- Helen Marten wins the first Hepworth Prize for Sculpture
- Famous Hepworth Sculpture takes a Trinity Walk
- The Hepworth Riverside Gallery Garden
- The Hepworth Wakefield is awarded £126,674 from the Arts Council England
- THE HEPWORTH WAKEFIELD AND PHILLIPS PRESENT ONE OF THE LARGEST EXHIBITIONS OF LATE WORKS BY BARBARA HEPWORTH IN 41 YEARS
TWO NEW BARBARA HEPWORTH EXHIBITIONS ANNOUNCED FEATURING ARCHIVE PHOTOGRAPHS TO BE EXHIBITED FOR THE FIRST TIME
The Hepworth Wakefield will present two new exhibitions that will offer unprecedented insight into the earliest and latest years in the life and work of Yorkshire-born artist Barbara Hepworth. A must-see for any fans of Barbara Hepworth’s work or those looking to learn more about the artist, the exhibitions will complement the major Barbara Hepworth retrospective at Tate Britain this summer.
Hepworth in Yorkshire will focus on Hepworth’s early years growing up in Wakefield, displaying archival material and work relating to her family and childhood.
These will be accompanied by early drawings, paintings and sculpture that show Hepworth’s natural gifts in these areas. Newspaper articles and photography document her early successes and engagement with an academic figurative style that she would soon depart from to find her own artistic voice. Photographic images Hepworth took or commissioned of Yorkshire will be presented alongside these early works, reflecting her assertion that the experience of growing up in this area was hugely influential.
The centrepiece of this display will be a portrait of Hepworth painted when she was 18 by noted artist Ethel Walker, who lived part-time in Robin Hood’s Bay. This work has been generously lent to The Hepworth Wakefield from a private collection, returning Hepworth to her birthplace.
A Greater Freedom follows artistic developments in Hepworth’s later years, focusing on the last decade of the sculptor’s life from 1965 – 75. By this point Hepworth had achieved international recognition, representing Britain at the Venice Biennale in 1950, winning the Grand Prix at the Sao Paulo Biennial of 1959, and having Single Form commissioned for the United Nations in the early 1960s. These successes afforded her opportunities to explore new ideas and processes.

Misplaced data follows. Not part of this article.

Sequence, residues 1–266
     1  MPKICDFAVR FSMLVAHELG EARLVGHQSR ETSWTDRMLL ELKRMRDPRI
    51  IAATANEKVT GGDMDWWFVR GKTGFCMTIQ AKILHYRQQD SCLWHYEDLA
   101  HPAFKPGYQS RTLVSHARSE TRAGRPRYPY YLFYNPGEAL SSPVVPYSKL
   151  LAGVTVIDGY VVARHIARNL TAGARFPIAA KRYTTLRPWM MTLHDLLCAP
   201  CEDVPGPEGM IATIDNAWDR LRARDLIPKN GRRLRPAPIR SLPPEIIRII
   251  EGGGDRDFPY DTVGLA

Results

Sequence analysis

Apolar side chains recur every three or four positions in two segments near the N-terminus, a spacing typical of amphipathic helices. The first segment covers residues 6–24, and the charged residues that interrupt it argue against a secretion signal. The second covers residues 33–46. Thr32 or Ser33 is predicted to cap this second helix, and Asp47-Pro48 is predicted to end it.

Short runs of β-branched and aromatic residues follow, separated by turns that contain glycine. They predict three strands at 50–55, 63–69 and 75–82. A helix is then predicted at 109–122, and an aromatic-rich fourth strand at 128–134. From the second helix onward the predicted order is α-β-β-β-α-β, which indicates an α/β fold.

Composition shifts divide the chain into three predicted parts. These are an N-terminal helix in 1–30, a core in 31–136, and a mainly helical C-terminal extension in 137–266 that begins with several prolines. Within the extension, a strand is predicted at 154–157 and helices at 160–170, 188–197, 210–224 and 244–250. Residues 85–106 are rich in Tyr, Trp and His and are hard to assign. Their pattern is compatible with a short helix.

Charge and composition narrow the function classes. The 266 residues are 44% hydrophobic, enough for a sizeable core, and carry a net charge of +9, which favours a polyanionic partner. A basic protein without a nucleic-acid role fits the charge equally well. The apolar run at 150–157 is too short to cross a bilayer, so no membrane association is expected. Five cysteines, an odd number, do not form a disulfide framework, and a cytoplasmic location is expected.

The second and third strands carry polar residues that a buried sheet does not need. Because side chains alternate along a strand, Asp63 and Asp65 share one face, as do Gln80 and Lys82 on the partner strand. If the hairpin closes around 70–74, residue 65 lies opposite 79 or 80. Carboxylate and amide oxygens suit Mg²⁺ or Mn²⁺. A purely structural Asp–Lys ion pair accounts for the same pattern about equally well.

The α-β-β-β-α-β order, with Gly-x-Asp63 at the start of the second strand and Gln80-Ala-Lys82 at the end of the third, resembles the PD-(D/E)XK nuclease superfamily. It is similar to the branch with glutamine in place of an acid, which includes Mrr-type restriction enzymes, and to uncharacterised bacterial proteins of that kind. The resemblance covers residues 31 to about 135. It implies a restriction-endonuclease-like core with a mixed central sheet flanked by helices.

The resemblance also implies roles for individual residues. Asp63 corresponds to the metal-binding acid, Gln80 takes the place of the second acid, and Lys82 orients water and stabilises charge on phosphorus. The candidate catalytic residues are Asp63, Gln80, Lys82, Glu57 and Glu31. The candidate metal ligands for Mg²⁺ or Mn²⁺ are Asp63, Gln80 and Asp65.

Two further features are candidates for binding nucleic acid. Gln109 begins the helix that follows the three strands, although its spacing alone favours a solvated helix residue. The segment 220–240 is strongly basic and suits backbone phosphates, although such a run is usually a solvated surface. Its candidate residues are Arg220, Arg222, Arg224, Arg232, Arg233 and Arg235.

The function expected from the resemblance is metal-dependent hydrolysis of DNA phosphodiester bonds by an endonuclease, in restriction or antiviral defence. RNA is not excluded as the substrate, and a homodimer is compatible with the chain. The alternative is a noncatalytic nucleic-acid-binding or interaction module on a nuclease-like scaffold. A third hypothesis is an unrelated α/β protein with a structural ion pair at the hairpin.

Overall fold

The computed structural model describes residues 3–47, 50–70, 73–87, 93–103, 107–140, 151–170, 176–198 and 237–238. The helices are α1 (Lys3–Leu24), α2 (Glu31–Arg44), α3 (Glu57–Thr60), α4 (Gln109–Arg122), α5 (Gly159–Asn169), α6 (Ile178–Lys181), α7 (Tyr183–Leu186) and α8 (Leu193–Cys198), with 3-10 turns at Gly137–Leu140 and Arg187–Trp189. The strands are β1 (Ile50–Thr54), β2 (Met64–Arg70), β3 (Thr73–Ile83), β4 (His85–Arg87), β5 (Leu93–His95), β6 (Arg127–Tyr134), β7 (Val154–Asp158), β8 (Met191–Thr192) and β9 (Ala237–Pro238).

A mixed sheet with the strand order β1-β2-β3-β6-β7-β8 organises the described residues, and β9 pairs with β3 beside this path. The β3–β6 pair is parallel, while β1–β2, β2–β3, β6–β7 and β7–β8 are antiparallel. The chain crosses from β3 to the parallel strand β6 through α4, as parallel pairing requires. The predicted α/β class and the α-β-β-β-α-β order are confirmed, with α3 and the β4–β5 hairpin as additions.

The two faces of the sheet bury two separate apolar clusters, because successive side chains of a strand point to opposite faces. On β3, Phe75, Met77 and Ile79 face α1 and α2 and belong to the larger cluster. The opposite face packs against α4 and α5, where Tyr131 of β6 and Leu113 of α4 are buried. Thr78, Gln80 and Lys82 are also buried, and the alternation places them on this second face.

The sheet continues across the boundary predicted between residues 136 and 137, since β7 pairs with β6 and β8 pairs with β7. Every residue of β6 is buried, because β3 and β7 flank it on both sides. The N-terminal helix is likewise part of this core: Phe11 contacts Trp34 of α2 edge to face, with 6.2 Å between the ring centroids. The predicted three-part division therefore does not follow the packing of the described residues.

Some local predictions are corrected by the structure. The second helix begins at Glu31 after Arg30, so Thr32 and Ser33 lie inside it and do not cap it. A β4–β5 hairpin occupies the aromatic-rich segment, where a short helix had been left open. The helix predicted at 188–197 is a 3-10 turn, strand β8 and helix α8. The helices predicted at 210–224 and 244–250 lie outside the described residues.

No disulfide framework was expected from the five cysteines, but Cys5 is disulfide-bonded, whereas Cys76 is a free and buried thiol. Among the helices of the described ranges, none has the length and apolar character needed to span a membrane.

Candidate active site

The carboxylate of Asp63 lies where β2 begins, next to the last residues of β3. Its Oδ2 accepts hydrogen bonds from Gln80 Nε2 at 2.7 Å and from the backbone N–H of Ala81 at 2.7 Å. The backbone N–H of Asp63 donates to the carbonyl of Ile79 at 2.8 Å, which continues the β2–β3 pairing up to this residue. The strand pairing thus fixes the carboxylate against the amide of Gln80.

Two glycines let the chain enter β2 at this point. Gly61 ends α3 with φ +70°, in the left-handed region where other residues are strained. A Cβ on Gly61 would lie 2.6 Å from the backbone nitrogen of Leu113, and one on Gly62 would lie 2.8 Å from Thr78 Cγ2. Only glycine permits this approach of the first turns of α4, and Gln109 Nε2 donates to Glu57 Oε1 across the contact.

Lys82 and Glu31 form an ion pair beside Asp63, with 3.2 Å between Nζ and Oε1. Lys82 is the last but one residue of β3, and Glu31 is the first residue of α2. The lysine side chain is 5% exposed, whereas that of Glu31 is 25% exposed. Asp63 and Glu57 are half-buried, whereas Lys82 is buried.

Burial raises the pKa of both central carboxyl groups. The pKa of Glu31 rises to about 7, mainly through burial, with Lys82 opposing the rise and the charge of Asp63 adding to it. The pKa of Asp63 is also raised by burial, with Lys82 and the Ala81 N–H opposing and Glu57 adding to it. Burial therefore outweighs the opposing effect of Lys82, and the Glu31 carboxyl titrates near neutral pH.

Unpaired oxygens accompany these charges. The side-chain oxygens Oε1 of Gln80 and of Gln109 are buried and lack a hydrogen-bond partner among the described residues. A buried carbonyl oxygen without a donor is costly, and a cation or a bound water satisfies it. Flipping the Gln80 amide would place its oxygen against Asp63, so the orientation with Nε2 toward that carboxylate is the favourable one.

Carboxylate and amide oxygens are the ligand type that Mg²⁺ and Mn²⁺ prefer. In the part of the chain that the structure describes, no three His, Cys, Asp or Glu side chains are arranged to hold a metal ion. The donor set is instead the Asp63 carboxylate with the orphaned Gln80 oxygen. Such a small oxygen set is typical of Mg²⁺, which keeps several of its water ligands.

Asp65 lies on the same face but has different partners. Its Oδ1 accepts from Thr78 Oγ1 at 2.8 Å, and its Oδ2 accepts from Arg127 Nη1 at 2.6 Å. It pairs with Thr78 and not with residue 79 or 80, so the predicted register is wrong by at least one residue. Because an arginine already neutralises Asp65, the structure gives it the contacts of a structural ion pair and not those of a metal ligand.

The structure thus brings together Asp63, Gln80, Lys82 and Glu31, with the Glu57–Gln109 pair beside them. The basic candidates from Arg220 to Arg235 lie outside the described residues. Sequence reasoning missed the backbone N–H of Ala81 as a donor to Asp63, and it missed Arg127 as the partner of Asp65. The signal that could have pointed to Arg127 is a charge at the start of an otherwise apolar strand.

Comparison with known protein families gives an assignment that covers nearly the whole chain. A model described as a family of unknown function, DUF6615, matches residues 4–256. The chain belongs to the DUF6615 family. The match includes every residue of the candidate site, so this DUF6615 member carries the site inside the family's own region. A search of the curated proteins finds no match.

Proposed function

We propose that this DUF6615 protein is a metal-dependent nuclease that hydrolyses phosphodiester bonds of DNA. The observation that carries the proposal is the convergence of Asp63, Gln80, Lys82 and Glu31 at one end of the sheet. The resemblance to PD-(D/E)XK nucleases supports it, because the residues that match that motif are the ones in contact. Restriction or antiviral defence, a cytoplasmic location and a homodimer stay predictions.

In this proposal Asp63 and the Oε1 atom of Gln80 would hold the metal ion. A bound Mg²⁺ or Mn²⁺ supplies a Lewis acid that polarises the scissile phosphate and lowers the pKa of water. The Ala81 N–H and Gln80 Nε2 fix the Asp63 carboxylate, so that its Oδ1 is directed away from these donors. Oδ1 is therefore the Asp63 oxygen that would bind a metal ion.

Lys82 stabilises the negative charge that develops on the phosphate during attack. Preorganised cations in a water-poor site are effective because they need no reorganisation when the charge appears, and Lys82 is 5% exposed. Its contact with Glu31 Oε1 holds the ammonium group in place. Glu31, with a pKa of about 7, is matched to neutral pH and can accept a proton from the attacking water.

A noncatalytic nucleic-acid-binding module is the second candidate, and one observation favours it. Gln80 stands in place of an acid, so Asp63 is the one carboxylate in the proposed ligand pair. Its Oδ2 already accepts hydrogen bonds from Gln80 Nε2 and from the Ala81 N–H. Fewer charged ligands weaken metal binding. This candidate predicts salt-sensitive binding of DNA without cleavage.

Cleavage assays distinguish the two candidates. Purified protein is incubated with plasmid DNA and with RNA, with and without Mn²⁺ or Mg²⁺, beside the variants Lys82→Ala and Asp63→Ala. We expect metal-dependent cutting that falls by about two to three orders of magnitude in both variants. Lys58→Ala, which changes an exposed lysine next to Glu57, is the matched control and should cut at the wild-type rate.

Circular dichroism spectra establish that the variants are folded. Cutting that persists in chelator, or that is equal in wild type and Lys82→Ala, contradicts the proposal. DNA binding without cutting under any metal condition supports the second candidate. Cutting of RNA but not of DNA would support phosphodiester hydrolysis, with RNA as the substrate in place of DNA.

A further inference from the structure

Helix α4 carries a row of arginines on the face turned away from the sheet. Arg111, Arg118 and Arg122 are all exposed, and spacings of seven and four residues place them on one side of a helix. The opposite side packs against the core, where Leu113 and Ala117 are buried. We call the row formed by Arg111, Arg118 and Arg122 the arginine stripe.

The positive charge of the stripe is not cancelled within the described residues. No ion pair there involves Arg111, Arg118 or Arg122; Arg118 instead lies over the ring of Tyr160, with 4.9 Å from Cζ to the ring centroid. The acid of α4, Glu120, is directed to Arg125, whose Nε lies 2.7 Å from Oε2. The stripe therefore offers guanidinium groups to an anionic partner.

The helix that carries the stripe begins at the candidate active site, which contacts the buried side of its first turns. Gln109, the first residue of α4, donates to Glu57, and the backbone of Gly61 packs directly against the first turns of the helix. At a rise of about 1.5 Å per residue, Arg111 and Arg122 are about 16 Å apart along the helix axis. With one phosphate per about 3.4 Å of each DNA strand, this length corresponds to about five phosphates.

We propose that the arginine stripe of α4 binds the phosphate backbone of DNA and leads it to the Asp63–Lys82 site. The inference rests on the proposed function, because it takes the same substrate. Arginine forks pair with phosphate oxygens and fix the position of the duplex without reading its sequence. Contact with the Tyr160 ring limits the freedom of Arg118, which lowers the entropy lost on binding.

Hepworth was extremely prolific during her later years, Tate Director Alan Bowness noting that nearly as many works were made during the 1960s as between 1925 and 1960. These later works show experimentation in new materials, working in bronze, slate and printmaking. In 1968 Hepworth noted, ‘while always remaining constant to my conviction about truth to material, I have found a greater freedom for myself.'
Simon Wallis, Director of The Hepworth Wakefield said: ‘We look forward to offering our visitors two new exhibitions that explore new areas of Barbara Hepworth’s life and work as one of Britain’s most significant artists. We will be examining her earliest years in Wakefield and her lifelong connection to the Yorkshire landscape, as well as presenting sculptures and drawings from the final decade of her career, which saw Hepworth at her most prolific. Together with the permanent display of the Hepworth Family Gift - which features 44 of her working models, tools and archives relating to the major commissions for the United Nations and John Lewis Partnership - we have a wonderful offer to complement Tate’s Hepworth retrospective.’
Dr Sophie Bowness, Hepworth’s granddaughter, art historian and a Trustee of the Hepworth Estate said: ‘The Hepworth Wakefield's pair of early and late Hepworth exhibitions promise to be the perfect complement to Tate Britain's major survey, opening in June. The work of the final decade of Hepworth's life is often overlooked and Wakefield's display will feature a beautiful selection of sculpture in a variety of media, alongside her paintings and prints, and will evoke the installations of the period. A highlight will be a group of the late carvings in marble, a material that had special significance for Hepworth and that she gave particular emphasis to in her final years.'
Image: Barbara Hepworth, After Dulac (detail), 1921